Jules Verne Books: Jules Gabriel Verne was a French novelist, poet, and playwright. His collaboration with the publisher Pierre-Jules Hetzel led to the creation of the Voyages extraordinaires, a series of bestselling
In 1866, sightings of a legendary sea monster prompt a daring expedition out of New York City. Professor Pierre Aronnax, his servant Conseil, and whaler Ned Land are among the crew of the United States Navy frigate Abraham Lincoln. Though they are fearless, nothing prepares them for the “creature” itself—the Nautilus—a powerful, destructive submarine years ahead of its time. At the helm of the vessel is the brilliant Captain Nemo, who pulls the men deep into the wonders of the seas and the dark depths of his mind.
Regarded as one of the great adventure novels of all time, Jules Verne’s prophetic masterpiece, republished here in Lewis Page Mercier’s translation, is at once an enthralling underwater quest and a tale of isolating madness.
Pragmatic gambler Phileas Fogg has made a gentlemanly wager to the members of his exclusive club: that he can circle the world in just eighty days, right down to the minute. Fetching his newly appointed French valet, Fogg embarks on a fabulous journey across land and sea—by steamer, rail, and elephant—to win the bet of a lifetime.
Inspired by Jules Verne’s own sea travels and his fascination with circumnavigating the globe, the avid dreamer’s picaresque voyage inspired generations of adventurers who were eager to best Verne’s challenge—from nineteenth-century journalist Nellie Bly to Monty Python’s Michael Palin.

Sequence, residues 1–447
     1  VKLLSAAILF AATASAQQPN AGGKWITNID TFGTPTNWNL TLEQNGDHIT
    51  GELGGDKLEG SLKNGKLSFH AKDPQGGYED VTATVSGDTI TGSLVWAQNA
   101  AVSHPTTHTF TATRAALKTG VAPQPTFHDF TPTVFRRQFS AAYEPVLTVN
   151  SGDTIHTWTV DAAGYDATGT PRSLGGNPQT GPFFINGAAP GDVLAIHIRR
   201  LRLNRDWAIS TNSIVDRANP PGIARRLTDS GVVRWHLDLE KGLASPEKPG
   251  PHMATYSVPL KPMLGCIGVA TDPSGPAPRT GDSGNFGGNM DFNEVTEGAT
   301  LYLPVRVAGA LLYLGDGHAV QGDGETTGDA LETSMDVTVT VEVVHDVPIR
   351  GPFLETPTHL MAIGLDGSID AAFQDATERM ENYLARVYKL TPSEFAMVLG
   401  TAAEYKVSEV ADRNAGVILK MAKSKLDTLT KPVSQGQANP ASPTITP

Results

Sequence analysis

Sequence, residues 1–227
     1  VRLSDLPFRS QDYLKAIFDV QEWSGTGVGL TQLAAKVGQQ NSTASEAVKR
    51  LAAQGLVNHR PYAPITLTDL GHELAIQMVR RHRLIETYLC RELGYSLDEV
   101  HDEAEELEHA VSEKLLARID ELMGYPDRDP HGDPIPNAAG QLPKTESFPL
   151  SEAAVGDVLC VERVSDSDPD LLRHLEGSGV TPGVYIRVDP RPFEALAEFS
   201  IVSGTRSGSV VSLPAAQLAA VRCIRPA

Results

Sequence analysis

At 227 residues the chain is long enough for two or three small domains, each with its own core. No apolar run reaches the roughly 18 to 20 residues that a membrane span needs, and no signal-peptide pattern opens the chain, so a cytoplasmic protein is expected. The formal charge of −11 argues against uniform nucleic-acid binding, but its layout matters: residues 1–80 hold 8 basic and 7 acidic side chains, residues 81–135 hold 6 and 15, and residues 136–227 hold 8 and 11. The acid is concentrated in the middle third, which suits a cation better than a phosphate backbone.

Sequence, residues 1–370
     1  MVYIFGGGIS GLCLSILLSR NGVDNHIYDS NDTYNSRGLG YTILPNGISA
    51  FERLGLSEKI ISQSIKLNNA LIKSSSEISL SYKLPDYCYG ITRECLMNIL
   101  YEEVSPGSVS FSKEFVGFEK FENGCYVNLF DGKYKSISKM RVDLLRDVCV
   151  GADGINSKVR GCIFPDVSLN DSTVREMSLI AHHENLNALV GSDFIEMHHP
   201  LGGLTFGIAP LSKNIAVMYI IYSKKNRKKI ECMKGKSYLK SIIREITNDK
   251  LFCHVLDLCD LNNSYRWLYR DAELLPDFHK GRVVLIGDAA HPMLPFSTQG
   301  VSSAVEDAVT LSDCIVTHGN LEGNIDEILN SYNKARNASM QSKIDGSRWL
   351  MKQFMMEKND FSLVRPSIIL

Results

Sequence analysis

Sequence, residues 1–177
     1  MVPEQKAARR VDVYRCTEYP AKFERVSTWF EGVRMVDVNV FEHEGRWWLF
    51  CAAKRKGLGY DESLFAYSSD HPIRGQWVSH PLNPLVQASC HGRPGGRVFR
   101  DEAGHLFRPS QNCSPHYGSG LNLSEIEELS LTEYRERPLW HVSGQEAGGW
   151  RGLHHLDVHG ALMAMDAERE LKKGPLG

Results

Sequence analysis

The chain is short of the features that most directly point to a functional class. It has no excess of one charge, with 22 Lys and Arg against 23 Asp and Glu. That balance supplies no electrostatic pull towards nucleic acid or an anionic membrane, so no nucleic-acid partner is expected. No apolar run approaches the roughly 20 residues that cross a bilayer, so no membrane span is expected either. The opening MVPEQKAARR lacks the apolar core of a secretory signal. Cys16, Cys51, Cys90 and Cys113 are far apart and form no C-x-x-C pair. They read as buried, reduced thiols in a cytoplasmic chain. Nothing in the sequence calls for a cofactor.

The intrepid Professor Liedenbrock embarks upon the strangest expedition of the nineteenth century: a journey down an extinct Icelandic volcano to the Earth’s very core. In his quest to penetrate the planet’s primordial secrets, the geologist–together with his quaking nephew Axel and their devoted guide, Hans–discovers an astonishing subterranean menagerie of prehistoric proportions. Verne’s imaginative tale is at once the ultimate science fiction adventure and a reflection on the perfectibility of human understanding and the psychology of the questor.
From one of the fathers of science fiction and the great-grandfather of steampunk—and purportedly coauthored by his son, Michel—this 1889 story covers a day in the life of a newspaper magnate a millennium into the future. The novel is replete with technological predictions both prescient and improbable, such as video telephones, pneumatic transportation tubes, air cars, built-in furniture, a managed climate, and scientifically prepared food.o.
After hijacking a balloon from a Confederate camp, a band of five northern prisoners escapes the American Civil War. Seven thousand miles later, they drop from the clouds onto an uncharted volcanic island in the Pacific. Through teamwork, scientific knowledge, engineering, and perseverance, they endeavor to build a colony from scratch. But this island of abundant resources has its secrets. The castaways discover they are not alone. A shadowy, yet familiar, agent of their unfathomable fate is watching.
What unfolds in Jules Verne’s imaginative marvel is both an enthralling mystery and the ultimate in survivalist adventures.
Covering a time span of over ten years, “The Underground City” (also known as “The Child of the Cavern”) follows the fortunes of the mining community of Aberfoyle near Stirling, Scotland. Receiving a letter from an old colleague, mining engineer James Starr sets off for the old Aberfoyle mine, thought to have been mined out ten years earlier. Starr finds mine overman Simon Ford and his family living in a cottage deep inside the mine; he is astonished to find that Ford has made a discovery of the presence of a large vein of coal. Accompanying Simon Ford are his wife, Madge, and adult son, Harry.